Motorists will face two months of delays and disruption along North Tyneside’s popular coastal route when a £500,000 Northumbrian Water project gets under way next week.
Part of Sea Banks and Grand Parade which hug the Tynemouth section of the coastal strip are set to be reduced to one lane as Northumbrian Water and its supply partner Esh Stantec begin work on replacing an aging sewer network. A one-way traffic system is expected to be in place until the back end of June.
The sewer upgrade is happening at Sharpness Point between King Edward’s Bay and Longsands with the full project expected to take around six months to complete. Most of the pipeline is within the road in Grand Parade and at the bottom end of Percy Park Road – both of which are major routes in and out of Tynemouth.
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The one-way traffic system will extend from Sea Banks’ junction with the Victorian crescent at Percy Gardens, and along the section of Grand Parade that runs parallel with the Grand Hotel and Longsands beach, to the roundabout at the junction of Percy Park Road.
Some work will take place at the bottom end of Percy Park Road.
Around 400m of failing pumped main from the Sharpness Point Pumping Station to Percy Park Road needs replacing. Northumbrian Water says the work is necessary as the existing pumping main has reached the end of its design life and has burst several times.
The utility company says it will make the sewer network more resilient and also reduce any pollution risk to Tynemouth’s award-winning Longsands beach, which has prestigious Blue Flag status.
The timing of the work at the start of the summer season has been questioned by some locals, however. Writing on Northumbrian Water’s Community Portal, one person said: “While I am sure this work is essential, I just can’t believe that across the summer is the best time to do this. Tynemouth is exceptionally busy over this period and surely there will be an adverse affect on tourism and our Blue Flag awarded beach.
“This will affect access to the beach and generally turn the most prominent part of the seafront into a building site over the most important time of the year!! Surely common sense must prevail here?”
The same writer added: “I think the Telegraph has just placed us as one of the 5 best places to visit this summer, I’m not sure they were counting on traffic cones and road works being at that location!”
Tynemouth ward Conservative Councillor Lewis Bartoli also expressed his concern on the community portal, saying: “As the ward councillor for this area I am extremely concerned that the proposed works along the seafront and Grand Parade are being carried out over the six-month summer period . This area is often completely blocked with traffic as people visit our village and beaches and I am concerned that closing even one lane will cause travel chaos.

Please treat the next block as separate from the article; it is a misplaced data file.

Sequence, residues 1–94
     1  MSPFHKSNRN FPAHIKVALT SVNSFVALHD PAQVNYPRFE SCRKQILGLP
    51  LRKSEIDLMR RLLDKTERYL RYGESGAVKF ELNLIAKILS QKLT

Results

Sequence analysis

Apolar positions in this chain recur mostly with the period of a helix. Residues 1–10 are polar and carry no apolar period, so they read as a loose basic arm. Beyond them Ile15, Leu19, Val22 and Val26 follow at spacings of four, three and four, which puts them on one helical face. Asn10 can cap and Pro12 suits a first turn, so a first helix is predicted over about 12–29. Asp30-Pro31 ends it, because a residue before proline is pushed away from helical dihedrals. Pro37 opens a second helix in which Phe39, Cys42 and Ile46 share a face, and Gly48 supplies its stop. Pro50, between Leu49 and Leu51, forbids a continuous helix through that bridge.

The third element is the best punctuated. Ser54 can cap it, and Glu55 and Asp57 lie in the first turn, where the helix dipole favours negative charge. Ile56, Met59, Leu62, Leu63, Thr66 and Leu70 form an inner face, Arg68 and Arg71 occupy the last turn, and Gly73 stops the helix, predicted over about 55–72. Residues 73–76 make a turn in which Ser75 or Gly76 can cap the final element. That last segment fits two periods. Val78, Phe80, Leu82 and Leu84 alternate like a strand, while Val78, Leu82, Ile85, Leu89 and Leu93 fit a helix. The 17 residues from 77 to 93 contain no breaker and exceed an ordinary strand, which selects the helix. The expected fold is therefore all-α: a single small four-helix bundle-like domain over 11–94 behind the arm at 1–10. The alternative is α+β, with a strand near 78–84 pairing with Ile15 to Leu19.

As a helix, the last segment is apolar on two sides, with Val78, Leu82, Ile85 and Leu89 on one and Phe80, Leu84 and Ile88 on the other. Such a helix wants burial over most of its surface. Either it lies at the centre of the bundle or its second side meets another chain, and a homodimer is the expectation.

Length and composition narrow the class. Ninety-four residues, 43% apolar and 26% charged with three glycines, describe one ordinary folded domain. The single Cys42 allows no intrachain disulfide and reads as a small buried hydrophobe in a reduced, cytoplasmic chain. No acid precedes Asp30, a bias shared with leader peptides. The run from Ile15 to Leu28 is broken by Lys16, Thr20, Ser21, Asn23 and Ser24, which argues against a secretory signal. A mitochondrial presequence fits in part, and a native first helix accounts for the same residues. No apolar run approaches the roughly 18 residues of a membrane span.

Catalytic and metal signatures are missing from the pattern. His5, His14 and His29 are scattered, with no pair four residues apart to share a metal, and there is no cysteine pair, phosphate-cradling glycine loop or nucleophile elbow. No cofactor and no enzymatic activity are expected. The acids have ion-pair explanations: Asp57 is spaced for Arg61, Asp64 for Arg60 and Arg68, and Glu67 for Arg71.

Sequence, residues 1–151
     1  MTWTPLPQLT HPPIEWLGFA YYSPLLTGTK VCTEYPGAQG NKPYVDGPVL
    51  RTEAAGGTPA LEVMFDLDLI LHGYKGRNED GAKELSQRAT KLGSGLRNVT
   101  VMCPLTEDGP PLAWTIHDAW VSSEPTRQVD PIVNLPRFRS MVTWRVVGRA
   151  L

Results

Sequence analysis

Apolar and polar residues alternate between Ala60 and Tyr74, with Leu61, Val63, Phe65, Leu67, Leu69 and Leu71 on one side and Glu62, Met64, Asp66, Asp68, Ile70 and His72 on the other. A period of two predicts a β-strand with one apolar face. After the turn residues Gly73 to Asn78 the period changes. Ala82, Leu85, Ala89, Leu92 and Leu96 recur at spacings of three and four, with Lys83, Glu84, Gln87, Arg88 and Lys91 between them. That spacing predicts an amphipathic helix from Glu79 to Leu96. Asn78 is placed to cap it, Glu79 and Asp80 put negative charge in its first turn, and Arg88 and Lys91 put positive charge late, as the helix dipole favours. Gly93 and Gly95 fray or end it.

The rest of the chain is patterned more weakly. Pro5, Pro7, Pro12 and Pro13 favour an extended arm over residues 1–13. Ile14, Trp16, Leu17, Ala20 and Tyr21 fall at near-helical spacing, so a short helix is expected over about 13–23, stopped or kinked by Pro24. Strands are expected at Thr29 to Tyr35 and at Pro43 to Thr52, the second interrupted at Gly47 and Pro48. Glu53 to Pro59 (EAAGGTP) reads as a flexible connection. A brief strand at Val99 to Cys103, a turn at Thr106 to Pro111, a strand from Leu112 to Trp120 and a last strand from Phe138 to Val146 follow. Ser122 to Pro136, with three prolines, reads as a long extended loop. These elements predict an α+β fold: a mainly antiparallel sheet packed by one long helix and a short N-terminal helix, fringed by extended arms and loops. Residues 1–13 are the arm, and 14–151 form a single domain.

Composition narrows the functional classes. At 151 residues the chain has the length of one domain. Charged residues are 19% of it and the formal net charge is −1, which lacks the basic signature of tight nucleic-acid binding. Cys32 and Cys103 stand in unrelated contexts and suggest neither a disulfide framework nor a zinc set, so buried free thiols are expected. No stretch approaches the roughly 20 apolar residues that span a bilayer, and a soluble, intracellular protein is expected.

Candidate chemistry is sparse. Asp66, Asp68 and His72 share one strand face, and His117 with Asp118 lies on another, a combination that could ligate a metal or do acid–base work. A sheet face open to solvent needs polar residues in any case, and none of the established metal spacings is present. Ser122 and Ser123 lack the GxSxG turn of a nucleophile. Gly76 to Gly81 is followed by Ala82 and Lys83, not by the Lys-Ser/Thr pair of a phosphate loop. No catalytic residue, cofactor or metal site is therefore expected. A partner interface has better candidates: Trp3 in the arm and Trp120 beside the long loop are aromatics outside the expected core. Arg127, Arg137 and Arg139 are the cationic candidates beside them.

“Our retail and hospitality businesses rely heavily on this period and any disruption could have the potential to deter visitors.”
But Peter Greenan, Project Manager at Northumbrian Water, said while he understood residents concerns, the work is essential. He said: “We are investing half a million pounds in replacing part of the sewage main at Sharpness Point in Tynemouth. This essential work is to ensure that the sewer network continues to serve the community effectively.
“The pipe that currently serves this area has burst previously causing disruption and problems to local people and businesses, and so the sooner we replace it the sooner we can reduce the risk of further bursts, including possible risk to the local bathing waters.
“Construction on the project is predicted to last six months, however we expect to have all the pipe laying in the roads completed before the end of June – meaning that the road will be reopened fully before the busy period at the beginning of the school holidays .”
He added: “When completing the pipe laying, it is essential to close a part of Grand Parade so that we can carry out the work quickly and safely and without endangering the public and we have been working closely with the local authorities to make sure we are putting the least disruptive traffic management in place.
“We understand why our customers may feel concerned about the works, but we have been working closely with residents and local businesses when setting out our construction plans. We will continue to communicate with affected residents and businesses as the project progresses.
“We apologise for any inconvenience caused and of course, we will be working hard to keep disruption in the area to a minimum whilst in the area completing this essential upgrade.”